Does achieving an intensive vs. usual blood pressure level prevent stroke
Annals of Neurology , 06/06/2011
Lee M et al. – Achieving a systolic blood pressure < 130 mmHg compared to 130–139 mmHg appears to provide additional stroke protection only among people with risk factors but no established cardiovascular disease. Methods
- PUBMED and bibliographies of recent review articles were searched.
- Relative risk with 95% confidence interval was used as a measure of the association between an active treatment group with achieved SBP < 130mmHg vs. a comparator group with achieved SBP 130–139 mmHg, and risk of stroke after pooling data across trials.
- The search identified 11 studies with 42,572 participants and 794 stroke events.
- Final SBPs, weighted for trial size, were a mean of 126.5 mmHg in the intensive treatment arms and 132.6 mmHg in the conventional arms (mean SBP reduction 6.1mmHg).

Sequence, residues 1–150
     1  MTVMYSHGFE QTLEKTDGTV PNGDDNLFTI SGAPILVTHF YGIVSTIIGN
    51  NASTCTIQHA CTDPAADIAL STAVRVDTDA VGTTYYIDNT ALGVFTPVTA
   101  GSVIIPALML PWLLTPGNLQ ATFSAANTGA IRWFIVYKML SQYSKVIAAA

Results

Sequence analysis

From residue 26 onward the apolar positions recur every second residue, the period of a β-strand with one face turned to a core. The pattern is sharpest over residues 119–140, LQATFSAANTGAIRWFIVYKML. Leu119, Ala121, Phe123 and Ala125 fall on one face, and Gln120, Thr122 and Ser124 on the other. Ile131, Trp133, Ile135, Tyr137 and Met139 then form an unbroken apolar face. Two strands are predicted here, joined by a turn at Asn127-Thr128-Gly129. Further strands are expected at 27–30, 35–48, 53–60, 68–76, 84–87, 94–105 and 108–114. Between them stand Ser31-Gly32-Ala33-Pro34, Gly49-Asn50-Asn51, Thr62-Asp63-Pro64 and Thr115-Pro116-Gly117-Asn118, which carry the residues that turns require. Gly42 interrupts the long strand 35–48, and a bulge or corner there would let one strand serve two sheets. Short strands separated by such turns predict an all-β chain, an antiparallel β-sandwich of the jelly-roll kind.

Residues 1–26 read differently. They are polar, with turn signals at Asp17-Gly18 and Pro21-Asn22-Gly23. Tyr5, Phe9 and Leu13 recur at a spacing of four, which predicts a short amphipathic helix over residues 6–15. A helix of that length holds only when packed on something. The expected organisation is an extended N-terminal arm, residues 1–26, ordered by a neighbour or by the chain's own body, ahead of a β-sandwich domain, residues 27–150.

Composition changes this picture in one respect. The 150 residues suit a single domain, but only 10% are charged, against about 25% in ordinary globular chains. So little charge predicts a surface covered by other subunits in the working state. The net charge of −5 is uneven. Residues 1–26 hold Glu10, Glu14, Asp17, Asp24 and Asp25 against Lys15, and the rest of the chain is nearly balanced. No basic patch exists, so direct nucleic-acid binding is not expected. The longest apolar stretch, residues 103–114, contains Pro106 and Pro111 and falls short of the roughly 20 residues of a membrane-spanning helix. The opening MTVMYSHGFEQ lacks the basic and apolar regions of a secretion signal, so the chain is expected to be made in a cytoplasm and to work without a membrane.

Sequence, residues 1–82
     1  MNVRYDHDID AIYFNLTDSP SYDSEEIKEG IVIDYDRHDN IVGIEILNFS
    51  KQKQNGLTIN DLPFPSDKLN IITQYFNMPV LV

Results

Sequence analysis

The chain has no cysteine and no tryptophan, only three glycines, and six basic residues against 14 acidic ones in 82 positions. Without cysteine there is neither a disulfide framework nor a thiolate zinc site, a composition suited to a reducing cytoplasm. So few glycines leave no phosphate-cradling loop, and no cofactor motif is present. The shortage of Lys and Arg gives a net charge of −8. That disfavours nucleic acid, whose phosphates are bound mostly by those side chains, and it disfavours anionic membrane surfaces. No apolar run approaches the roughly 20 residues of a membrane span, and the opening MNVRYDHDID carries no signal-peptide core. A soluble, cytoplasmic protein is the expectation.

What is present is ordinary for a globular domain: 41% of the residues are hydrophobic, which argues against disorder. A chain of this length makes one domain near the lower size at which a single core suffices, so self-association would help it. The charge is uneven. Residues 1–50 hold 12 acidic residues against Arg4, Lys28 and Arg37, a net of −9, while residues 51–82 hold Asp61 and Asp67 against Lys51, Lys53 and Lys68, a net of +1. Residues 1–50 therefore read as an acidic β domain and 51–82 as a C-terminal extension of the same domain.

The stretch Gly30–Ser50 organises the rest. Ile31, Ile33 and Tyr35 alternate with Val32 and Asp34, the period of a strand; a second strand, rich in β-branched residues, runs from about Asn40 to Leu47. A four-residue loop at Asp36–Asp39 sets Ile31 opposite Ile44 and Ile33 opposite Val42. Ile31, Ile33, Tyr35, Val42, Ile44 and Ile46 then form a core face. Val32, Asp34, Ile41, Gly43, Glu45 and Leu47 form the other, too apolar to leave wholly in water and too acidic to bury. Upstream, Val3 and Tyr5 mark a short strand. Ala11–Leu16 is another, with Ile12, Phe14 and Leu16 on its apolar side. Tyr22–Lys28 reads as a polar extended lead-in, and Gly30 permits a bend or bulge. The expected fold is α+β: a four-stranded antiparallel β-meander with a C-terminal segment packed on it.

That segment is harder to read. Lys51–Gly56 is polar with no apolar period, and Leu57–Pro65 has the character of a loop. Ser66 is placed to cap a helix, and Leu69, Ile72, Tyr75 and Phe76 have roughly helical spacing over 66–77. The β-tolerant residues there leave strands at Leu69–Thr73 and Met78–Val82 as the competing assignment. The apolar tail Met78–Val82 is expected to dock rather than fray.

- Achieving a tight SBP level was associated with a lower stroke risk (relative risk 0.80; 95% confidence interval 0.70 to 0.92, P<0.01) and a lower risk of major vascular events (0.91, 0.86 to 0.96, P<0.001).
- In subgroup analyses, subjects with risk factors but no established cardiovascular disease showed substantial reduction of future stroke risk with tight control (0.49, 0.34 to 0.69), but those with established cardiovascular disease at entry did not experience stroke risk reduction with tight control (0.92, 0.83 to 1.03).